Distressed, Buyout to Drive Private Equity Fundraising
By Tom Stabile January 6, 2016 – FundFire
Private equity fundraising slowed its pace in 2015, but some of the pullback may be big institutional investors delaying new commitments until this year – and likely repositioning their capital into areas such as distressed strategies, say industry watchers.
Private equity fund managers should see 2016 continue the overall fundraising trends of recent years, as investors react to broader public market volatility, says David Fann, president and CEO of TorreyCove Capital Partners, an alts consultant.
“Private equity does best when there’s a lot of volatility in the marketplace, when there is uncertainty and mixed perspectives on public markets and when we continue to have anemic fixed income markets,” he says. “We think it will be as good as it was last year.”
Buyout funds will remain popular, joined by vehicles that can take advantage of companies facing difficulties, Fann says.
“Distressed and quality buyout firms are probably the two areas that are going to lead the charge,” he adds.
Fundraising this year may also benefit from some big investors not following through on planned commitments, such as the $48.8 billion Los Angeles County Employees Retirement Association (LACERA), says Peter Martenson, a partner at Eaton Partners, a private equity placement agent firm. LACERA did not commit more than $500 million of $2 billion it had programmed for private equity last year, he says.
“You’re going to see 2016 be as strong as 2015 if not stronger in terms of fundraising, driven less by the raw opportunity set… and more by the continued movement of allocations into alternatives,” he says. “A lot of people need exposure and they’re going to be putting money to this space. More people need to put money to work in 2016.”
The overall North American private equity market had a muted finish to 2015, bringing in $180.5 billion in new capital, compared to $212 billion a year earlier and $233 billion in 2013, but it still does not appear to be in full retreat, says Dan Cook, senior data analyst at PitchBook Data. “It was an unremarkable year,” he says.
The new year may well bring better fundraising performance thanks to uncertainty in the markets and general unease around the Federal Reserve’s plans to resume interest rate hikes, Cook says.
Private equity may also get additional interest from high-net-worth and ultra-high-net-worth investors who have generally been under-allocated to the asset class, says Todd Thomson, chairman of Dynasty Financial Partners, a platform serving independent advisors that have about $22 billion in total assets.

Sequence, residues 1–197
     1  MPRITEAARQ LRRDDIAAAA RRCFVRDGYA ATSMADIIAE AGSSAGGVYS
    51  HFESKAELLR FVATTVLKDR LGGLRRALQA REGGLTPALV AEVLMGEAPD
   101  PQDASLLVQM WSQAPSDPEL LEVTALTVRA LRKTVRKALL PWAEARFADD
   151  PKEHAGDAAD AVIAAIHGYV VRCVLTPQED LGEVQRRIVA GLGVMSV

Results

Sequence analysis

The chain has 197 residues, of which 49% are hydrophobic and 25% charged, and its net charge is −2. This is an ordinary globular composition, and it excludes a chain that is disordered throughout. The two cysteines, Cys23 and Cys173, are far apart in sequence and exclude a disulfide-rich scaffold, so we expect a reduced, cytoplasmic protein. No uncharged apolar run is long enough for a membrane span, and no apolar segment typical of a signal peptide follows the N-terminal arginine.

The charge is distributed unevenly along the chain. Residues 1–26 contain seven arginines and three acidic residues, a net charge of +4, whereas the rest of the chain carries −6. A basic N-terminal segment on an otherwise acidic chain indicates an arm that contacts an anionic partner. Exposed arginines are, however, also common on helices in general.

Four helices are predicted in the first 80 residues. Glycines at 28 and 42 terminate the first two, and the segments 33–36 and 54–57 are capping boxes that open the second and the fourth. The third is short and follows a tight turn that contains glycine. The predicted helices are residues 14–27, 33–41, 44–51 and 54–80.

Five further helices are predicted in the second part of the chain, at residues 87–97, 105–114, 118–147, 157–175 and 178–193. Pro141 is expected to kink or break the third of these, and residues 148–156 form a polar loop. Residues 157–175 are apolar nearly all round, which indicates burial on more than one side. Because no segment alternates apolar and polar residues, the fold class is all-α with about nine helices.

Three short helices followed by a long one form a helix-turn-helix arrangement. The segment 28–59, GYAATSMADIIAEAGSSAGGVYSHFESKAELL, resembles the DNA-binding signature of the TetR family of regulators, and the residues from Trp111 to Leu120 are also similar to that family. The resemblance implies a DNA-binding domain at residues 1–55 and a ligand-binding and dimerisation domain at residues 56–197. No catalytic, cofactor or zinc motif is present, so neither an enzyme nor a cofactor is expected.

“Now is the time for many of them to go after the asset class,” he says. “Finding return these days is difficult, and private equity is one of the places where you can potentially get it. And more people are willing to make that tradeoff of illiquidity for [returns].”
More of that broader interest in private equity is likely to head toward distressed investing strategies in 2016, Thomson says.
“There’s a lot of blood in the water, especially around the energy sector, and that’s an opportunity for distressed funds to pick up some assets,” he says.
Distressed was mainly viewed as a European play in recent years, but the attention has begun to shift to the U.S., says Michael Moriarty, director of investment platforms for Dynasty. “It became a U.S. story in the second half of the year,” he adds.
Rising interest rates may especially prime distressed investing opportunities as companies with adjustable rate debt face pressure, PitchBook’s Cook says.
“We’ll see that in energy first, where companies are not able to meet their loan covenants,” he says. “I would look for any kind of restructuring or distressed funds to increase activity.”
Energy market troubles will be an investment opportunity for both distressed equity and distressed debt fund managers, Fann says. “When oil and gas prices recover, money will be made,” he says.
Distressed may benefit as well from a sense that the buyout markets are more “fully priced” today than in recent years, Martenson says. That may also benefit “special situations” vehicles that aim to engineer funding for companies with unique capital needs, he says.
Co-investment funds also might be poised to pick up assets as more investors seek exposure to direct deals alongside commingled private equity funds but look to fund managers to run the process for them, Cook says.
And investors are expressing interest in specific venture capital areas such as biopharmaceutical and technology funds, Martenson says. “Investors are saying, ‘If we’re fully priced on the buyout side, maybe we have room for innovation or entrepreneurs,’” he adds.
Real estate may be one area that sees a fundraising pause in 2016, says Thomson.
“Investors are not quite sure what the interest rate moves are going to do to real estate,” he says. “There are real estate funds that will do well, and ones that are more or less [sensitive] to interest rates, but in general we hear investors believe that a lot of the juice for real estate coming out of 2008 has been squeezed. I don’t think we’ll see the same asset flows in 2016 as we saw in 2013 [and] 2014.”
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